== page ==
Microsoft heralds 'The Digital Age' with Xbox One S All Digital Edition reveal

Also announced was a subscription bundle marrying Xbox Game Pass and Xbox Live Gold.

Past is prologue, and two new announcements from Microsoft hint at the future of its Xbox platform.

Yesterday during Microsoft’s Nintendo Direct-style Inside Xbox, the company confirmed rumors that have been floating for a number of weeks. The biggest is that the first “disc-less” Xbox console will be coming on May 7.

Named the Xbox One S All Digital Edition, the 1TB bundle includes Minecraft, Sea of Thieves, and Forza Horizon 3. The new offering pairs well with Microsoft’s subscription programs (Xbox Live Gold and Xbox Game Pass), though those are separate purchases.

The Xbox One S All Digital will release on May 7 for $249.99. Currently, you can purchase an Xbox One S with a disc drive for that same price at a number of retailers bundled with one of a number of major third-party releases, including Battlefield V, Anthem, The Division 2, NBA 2K19, or Fortnite (with 2,000 V-Bucks, about a $20 value).

Given that the real value of an Xbox One S All Digital console comes from also subscribing to Xbox Game Pass, the value of the packed in games is diminished since all Microsoft first-party games are available via the service indefinitely. As of publication, the monetary outlay for the physical-enabled and All Digital consoles is exactly the same. The difference here is individual consumer value perception of the packed-in games and the importance of having a console that can access physical media.

This is further compounded by a Google offer that popped up today with an Xbox One X, Microsoft’s top-of-the-line Xbox One console, bundled with NBA 2K19 for under $300. Microsoft announced the Xbox One S All Digital Edition into a pricing structure that doesn’t convey much value for giving up the disc drive. The company considers $299 the retail price of the Xbox One S and “expect[s] to maintain at least that price difference between the two consoles going forward.” The retail price isn’t as important as cost to consumers, though.

To announce the Xbox One S All Digital Edition, Microsoft released a humorous advertisement called “The Digital Age.” This gives a glimpse into (at least part) of Xbox boss Phil Spencer’s thinking as we head into the next generation.

Rumors have been circulating since November 2018 that the next generation of Xbox consoles may include an all-digital model out of the gate. Microsoft attempted to push consumers into a digital ecosystem with the Xbox One, but its E3 2013 press conference and follow-up messaging were such a disaster that the company abandoned its plans. With the growth of digital adoption during this generation, powered in large part by day-and-date releases and frequent digital sales (something almost entirely absent last generation on consoles), fortunes might favor Microsoft in a way they didn't six years ago.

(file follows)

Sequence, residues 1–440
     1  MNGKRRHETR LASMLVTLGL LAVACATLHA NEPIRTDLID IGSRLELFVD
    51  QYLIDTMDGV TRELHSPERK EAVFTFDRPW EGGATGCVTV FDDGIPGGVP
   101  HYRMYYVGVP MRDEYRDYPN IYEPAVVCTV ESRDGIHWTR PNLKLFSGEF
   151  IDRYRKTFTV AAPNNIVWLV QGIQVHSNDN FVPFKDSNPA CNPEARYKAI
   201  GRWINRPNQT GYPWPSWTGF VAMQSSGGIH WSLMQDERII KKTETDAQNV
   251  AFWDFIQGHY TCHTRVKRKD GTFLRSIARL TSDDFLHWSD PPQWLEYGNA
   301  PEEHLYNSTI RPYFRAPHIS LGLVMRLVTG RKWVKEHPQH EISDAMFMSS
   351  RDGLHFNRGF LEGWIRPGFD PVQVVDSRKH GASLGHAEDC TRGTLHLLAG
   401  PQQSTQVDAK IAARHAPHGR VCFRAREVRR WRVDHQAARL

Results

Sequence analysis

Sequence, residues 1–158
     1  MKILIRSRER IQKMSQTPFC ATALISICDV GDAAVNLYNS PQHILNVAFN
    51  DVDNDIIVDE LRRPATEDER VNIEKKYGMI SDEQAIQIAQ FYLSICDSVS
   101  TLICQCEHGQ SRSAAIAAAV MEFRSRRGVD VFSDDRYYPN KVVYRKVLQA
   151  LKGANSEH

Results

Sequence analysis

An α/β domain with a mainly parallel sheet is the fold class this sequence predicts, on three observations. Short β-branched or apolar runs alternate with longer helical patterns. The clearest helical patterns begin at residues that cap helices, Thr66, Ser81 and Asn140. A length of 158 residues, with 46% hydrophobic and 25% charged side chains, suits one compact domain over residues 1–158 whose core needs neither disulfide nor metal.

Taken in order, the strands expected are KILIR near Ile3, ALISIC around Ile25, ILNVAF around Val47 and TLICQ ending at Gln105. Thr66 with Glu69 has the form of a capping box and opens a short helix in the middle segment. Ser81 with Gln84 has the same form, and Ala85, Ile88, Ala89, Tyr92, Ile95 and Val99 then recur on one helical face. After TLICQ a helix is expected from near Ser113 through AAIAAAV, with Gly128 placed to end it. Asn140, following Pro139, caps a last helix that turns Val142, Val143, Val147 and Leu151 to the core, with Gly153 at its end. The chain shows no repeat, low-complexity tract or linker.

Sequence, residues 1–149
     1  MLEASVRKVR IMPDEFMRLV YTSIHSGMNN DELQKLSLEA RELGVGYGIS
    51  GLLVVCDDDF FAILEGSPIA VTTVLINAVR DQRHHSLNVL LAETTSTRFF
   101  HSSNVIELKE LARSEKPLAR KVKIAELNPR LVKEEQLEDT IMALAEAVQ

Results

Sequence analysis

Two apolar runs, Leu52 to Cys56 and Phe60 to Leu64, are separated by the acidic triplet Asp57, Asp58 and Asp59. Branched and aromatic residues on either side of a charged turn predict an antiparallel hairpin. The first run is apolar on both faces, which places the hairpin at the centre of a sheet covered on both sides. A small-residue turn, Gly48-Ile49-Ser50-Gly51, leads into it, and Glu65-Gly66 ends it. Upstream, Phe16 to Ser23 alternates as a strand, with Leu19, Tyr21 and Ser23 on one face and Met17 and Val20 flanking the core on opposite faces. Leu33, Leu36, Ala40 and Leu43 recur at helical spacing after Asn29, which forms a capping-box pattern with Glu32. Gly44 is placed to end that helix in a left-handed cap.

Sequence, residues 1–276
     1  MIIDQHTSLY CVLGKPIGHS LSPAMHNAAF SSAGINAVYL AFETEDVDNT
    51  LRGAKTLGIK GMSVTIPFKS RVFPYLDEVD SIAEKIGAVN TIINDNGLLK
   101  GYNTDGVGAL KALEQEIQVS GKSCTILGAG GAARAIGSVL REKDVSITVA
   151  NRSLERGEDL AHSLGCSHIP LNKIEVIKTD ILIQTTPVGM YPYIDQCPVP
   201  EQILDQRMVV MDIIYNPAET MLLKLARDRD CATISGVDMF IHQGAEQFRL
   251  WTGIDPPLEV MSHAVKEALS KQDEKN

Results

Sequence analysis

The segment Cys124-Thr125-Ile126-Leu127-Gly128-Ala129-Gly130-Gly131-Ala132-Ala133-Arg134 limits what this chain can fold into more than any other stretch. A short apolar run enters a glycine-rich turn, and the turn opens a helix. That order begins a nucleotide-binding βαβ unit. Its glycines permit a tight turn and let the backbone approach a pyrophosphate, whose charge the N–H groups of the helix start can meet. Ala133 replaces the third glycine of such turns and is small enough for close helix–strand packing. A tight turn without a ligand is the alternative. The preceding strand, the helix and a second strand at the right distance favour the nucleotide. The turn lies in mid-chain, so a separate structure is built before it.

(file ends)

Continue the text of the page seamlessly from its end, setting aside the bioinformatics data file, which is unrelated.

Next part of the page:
The timing of Sony’s interview with Wired in which lead system architect Mark Cerny made a point confirming the next PlayStation’s physical media capabilities now seems exceptionally convenient. Cerny also revealed that Sony’s upcoming hardware will include a load time-busting SSD. According to rumors, the next Xbox may include that feature, as well.

Microsoft also kicked off a unified option for those that subscribe to both Xbox Live Gold and Xbox Game Pass. The Xbox Game Pass Ultimate subscription will cost consumers $15 per month ($180 per year). Currently, Game Pass by itself costs $9.99 per month (approximately $120 per year). Xbox Live is $9.99 month-to-month (approximately $120 per year), but drops as low as $5 per month for those that opt for a $59.99 12-month subscription. For monthly payers, Ultimate ends up costing $5 less per month. There is no savings for consumers that currently opt for the full-year Xbox Live subscription.

Yesterday’s Inside Xbox also brought updates to the Xbox One’s backward compatibility library. Ninja Gaiden II has been added to the roster with Xbox One X upgrades. Additionally, five games already part of the program have been given a new coat of Xbox One X paint: Fable II, Fable III, Splinter Cell Blacklist, Splinter Cell Conviction, and Splinter Cell Double Agent.

As Microsoft winds down the Xbox One era, it appears to be setting the table for what comes next. Game Pass is changing how consumers view game ownership (much as Netflix did for movies and television). The xCloud streaming service appears positioned to compete with Google’s recently announced Stadia platform. And an all-digital console could be the push Microsoft needs to finally achieve what it so desperately wanted consumers to adopt six years ago.

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Michael Futter is the author of The GameDev Business Handbook, a guide for creating and sustaining an independent video game studio, and The GameDev Budgeting Handbook. He is also the former news editor of Game Informer and has written about business and legal issues and video game industry trends for eight years.

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